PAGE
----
You’re Not Actually Working Out

Fitness is an essential component to wellness, and it requires action on your part. No amount of vitamins will replace the nutritious benefits of eating whole, healthy foods and no amount of walking on a treadmill will replace the invigorating health benefits of being active in the great outdoors. If you want to be well, then you must act well. That means getting out and enjoying your life.

When many people think about fitness, they think about workout gear, going to the gym, and eating salads. However, that is a very limited approach. Fitness should be a part of your daily routine, not something you have to schedule in. Think about your daily routine for a moment. How many opportunities do you have to do something good for yourself in any given day, and how many times do you choose to do otherwise?

It is important, when making changes in your life, that you not berate yourself for your old behaviors, but rather, praise yourself for your new habits. Let each awareness be an opportunity for you to create the desired shift in your life. Invite your friend to take a scenic walk with you instead of meeting at a coffee shop. Do an extra lap around the mall and park further away from the doors to turn your shopping trip into something more. Plan your vacations around hiking, biking, or other activities that get you outside. Even just doing yard work on the weekends is a great way to stay in shape- remember to stretch those muscles before you do anything strenuous!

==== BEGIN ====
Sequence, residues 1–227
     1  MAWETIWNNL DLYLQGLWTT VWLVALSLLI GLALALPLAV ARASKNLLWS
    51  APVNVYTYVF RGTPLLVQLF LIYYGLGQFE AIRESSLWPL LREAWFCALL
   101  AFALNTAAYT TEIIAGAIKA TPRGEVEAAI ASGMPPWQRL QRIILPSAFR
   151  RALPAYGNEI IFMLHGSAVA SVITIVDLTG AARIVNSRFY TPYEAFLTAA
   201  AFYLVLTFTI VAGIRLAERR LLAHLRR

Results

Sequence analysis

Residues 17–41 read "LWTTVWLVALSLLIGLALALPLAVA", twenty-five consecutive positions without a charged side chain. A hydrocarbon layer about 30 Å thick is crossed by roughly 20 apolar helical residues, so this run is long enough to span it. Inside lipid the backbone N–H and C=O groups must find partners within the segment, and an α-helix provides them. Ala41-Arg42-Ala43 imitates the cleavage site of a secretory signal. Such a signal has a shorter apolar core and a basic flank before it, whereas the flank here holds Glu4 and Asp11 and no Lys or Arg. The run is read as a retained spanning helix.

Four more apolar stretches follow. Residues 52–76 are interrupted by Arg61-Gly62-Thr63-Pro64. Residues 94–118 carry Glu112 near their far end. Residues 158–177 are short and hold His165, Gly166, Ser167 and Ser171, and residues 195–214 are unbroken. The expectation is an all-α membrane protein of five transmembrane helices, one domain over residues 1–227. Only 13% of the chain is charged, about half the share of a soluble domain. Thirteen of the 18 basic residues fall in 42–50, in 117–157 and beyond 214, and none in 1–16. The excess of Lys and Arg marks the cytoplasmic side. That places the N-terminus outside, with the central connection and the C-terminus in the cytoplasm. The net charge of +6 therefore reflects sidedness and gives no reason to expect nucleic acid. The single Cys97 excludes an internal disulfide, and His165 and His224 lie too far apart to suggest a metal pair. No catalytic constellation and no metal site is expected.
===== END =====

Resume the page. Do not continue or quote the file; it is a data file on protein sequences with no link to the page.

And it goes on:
These examples are what I call “activity” to achieve a certain level of fitness. They are not what I consider “working out” or “exercise.” That requires a much more strenuous effort, one which many people are afraid to attempt or don’t realize is actually necessary to make significant changes in body shape, size, and composition. Taking a hike or choosing stairs rather than an elevator are smart healthy choices that increase your activity level throughout a day. However, considering that as your “exercise” for the day, will end up leaving you disappointed and frustrated that you are not achieving your physical fitness/body weight/body image goals.

To get there, you need to play like a (healthy weight, metabolically normal) kid plays: high intensity, short explosive burst games like “tag” or pretty much any team sport that’s popular like baseball, soccer, basketball, and hockey. Suddenly, post high school, everyone stops doing explosive sprint work and switches to “let’s stay on a stair stepper or elliptical for 2 hours while watching the news.”

You want to balance your hormones, burn mega fat, build muscle, sleep well, and look toned? You need to add high intensity exercise such as weights, sprint work, HIIT, and even the “cult of CrossFit” into your life. (And, no, I am not a CrossFit member, but this is the principle behind many of their extreme success stories.)

The best part is, you can do most of it right at home once you know what you are doing, and a burst workout only takes 5-20 minutes for most people every other day to see far greater changes in your body than you will ever see by putting in longer hours on a treadmill.